These are the 10 best books to read this month

Joanne Finney
Photo credit: Good Housekeeping

From Good Housekeeping

Now more than ever, there's great comfort in getting lost in a good book. Whether you want a page-turning thriller, a gripping historical novel or a feel-good read, we've got some great choices out this month.

Photo credit: Cornerstone

When The Lights Go Out by Carys Bray

Bray’s debut, A Song For Issy Bradley, marked her out as a writer to watch and this new book delivers on that promise. While Emma is planning for a big family Christmas, her husband, Chris, is worrying about climate change and planning for the end of the world. This gorgeously written novel about a marriage of opposites has wonderfully relatable characters. It is funny and compassionate, and I found it very affecting.

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The Heatwave by Kate Riordan

When Sylvie leaves London to return to the French village where she once lived, it brings up painful memories of the loss of her daughter Elodie. But everything is not as it seems, and it’s the slow revelation of what really happened years ago that keeps you gripped in this suspenseful drama.

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The Switch by Beth O’Leary

If you enjoyed The Flatshare, you’ll love this new novel from the same author. This story has everything you want to lift your spirits: laughs, romance and lovely characters you connect with emotionally. After high-flyer Leena is forced to take a sabbatical from work, she and her 79-year-old grandmother Eileen decide to swap lives. As Leena struggles to fit in with small village life, Eileen tries online dating in London.

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The Glass Hotel by Emily St. John Mandel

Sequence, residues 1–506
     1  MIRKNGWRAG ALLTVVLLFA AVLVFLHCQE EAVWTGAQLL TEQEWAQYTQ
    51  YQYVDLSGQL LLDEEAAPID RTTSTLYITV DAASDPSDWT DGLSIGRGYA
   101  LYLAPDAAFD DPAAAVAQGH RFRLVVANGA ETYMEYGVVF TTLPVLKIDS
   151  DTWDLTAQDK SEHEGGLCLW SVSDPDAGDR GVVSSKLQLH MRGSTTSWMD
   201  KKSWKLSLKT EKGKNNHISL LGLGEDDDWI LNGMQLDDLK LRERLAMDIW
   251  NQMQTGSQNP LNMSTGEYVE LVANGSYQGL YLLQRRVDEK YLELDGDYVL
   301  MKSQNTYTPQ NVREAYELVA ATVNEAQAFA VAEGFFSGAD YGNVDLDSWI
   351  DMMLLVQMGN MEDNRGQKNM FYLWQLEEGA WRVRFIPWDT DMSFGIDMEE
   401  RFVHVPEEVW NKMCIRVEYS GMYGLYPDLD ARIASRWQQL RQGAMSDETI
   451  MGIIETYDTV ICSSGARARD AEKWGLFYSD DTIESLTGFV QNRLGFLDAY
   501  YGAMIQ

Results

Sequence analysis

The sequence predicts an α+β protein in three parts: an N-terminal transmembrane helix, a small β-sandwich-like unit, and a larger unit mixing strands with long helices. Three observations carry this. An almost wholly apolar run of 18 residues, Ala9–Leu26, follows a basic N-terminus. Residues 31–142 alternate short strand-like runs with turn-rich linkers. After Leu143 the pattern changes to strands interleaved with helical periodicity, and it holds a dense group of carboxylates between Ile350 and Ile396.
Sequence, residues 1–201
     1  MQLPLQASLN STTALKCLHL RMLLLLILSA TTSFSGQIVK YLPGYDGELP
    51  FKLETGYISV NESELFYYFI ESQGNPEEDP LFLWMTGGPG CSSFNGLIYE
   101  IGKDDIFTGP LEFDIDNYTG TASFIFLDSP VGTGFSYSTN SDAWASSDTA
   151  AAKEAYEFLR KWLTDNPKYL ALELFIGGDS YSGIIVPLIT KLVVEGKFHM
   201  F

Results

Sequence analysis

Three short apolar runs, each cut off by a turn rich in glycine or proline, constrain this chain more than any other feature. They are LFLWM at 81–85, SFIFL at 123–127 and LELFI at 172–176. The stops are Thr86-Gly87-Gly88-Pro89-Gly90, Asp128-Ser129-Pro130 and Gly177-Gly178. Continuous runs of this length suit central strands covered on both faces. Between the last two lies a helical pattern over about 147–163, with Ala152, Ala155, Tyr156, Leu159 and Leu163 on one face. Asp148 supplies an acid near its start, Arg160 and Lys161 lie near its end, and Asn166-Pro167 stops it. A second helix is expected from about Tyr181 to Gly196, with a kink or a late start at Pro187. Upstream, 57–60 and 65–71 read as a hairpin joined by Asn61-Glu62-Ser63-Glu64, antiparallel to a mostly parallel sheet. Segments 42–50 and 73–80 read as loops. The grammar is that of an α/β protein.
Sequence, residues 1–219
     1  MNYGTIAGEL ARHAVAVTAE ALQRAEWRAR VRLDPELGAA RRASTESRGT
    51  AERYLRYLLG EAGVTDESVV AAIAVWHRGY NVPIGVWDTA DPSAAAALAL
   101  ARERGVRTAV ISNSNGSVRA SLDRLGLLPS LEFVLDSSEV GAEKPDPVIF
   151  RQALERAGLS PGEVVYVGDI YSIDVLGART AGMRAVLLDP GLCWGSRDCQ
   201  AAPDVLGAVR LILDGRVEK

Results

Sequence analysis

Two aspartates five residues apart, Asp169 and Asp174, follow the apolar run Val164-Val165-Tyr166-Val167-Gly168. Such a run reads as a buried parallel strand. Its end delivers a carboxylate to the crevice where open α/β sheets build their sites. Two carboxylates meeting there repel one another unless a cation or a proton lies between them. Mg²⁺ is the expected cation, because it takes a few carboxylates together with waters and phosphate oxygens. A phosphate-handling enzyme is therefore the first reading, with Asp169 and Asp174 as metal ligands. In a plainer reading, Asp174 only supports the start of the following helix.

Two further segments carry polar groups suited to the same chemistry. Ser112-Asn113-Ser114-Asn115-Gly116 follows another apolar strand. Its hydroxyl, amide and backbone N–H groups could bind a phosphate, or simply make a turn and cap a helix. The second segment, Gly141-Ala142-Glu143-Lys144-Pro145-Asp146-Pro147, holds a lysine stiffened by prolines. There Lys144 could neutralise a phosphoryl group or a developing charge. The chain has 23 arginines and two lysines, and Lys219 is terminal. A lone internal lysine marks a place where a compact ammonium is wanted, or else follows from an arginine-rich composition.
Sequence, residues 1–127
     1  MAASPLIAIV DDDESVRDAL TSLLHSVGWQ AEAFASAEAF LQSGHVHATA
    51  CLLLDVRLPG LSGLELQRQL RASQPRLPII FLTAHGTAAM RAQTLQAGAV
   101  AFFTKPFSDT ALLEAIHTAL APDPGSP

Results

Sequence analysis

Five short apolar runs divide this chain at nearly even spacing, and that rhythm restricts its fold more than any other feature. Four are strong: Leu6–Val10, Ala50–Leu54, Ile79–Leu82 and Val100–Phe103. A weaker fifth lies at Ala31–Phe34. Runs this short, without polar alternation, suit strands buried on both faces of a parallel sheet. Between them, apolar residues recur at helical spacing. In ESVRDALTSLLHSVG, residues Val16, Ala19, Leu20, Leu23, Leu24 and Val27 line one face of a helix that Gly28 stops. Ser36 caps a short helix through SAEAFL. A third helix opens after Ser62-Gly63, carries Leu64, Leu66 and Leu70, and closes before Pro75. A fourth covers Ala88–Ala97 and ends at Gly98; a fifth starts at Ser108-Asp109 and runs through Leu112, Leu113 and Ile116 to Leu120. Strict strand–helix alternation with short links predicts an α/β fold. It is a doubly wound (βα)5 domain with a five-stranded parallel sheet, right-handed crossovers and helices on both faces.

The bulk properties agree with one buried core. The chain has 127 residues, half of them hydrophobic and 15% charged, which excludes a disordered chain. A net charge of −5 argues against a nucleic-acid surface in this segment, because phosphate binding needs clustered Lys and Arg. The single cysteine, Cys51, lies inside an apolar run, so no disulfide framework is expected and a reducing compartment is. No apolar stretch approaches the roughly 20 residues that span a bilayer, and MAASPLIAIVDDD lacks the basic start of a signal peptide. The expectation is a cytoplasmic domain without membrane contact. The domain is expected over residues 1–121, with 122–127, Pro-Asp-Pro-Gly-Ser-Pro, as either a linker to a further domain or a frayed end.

From the author of Station Eleven, this new novel centres around a financier who is stealing from his clients, his beautiful, much-younger wife and her troubled half-brother. The writing is dreamy yet gripping, as we see how the characters’ paths cross and how even the slightest encounter can change everything.

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Just My Luck by Adele Parks

A huge lottery win of £17.8m changes everything for Lexi, Jake and their teenage children. There’s only one snag: their friends claim they were all in a syndicate and they’re entitled to a share of the winnings, too. This gripping read takes a look at the dark side of wealth.

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Pew by Catherine Lacey

This unusual novel wowed me with its elegant writing and message about compassion. When a stranger is found asleep on a church bench with no idea of their name and unwilling to speak, the community names the visitor Pew. In the spirit of charity, Pew is taken in and becomes an outlet for people’s secrets.

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Where We Belong by Anstey Harris

When Cate is made redundant, she and her teenage son Leo move into her late husband’s ancestral home, which also houses an unusual museum that they must save from closure. I loved this joyful book about friendship, happiness and finding your passion in life.

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The Secrets Of Strangers by Charity Norman

A gunman takes eight customers hostage at a London cafe and, as the situation develops, we hear the characters’ stories, including those of the gunman and police negotiator, and how their lives are all connected. It’s the well-written characters in this fast-paced story that keep you turning the pages.

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The Summer Villa by Melissa Hill

If you need some escapism, this lovely read set on Italy’s Amalfi Coast is the ideal pick. Join Kim, Colette and Annie as they reunite for a summer holiday six years after they first met. As the story unfolds, it becomes clear that each person has secrets that could threaten the friendship

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Photo credit: Borough Press

The Motion Of The Body Through Space by Lionel Shriver

From the author of We Need To Talk About Kevin comes a black comedy about the cult of fitness. When Serenata’s 64-year-old husband announces he’s taking part in a triathlon and develops a close relationship with his trainer, she feels left behind. Shriver is so good at making wry observations about human behaviour and this is particularly witty on the dynamics between couples who have been together a long time.

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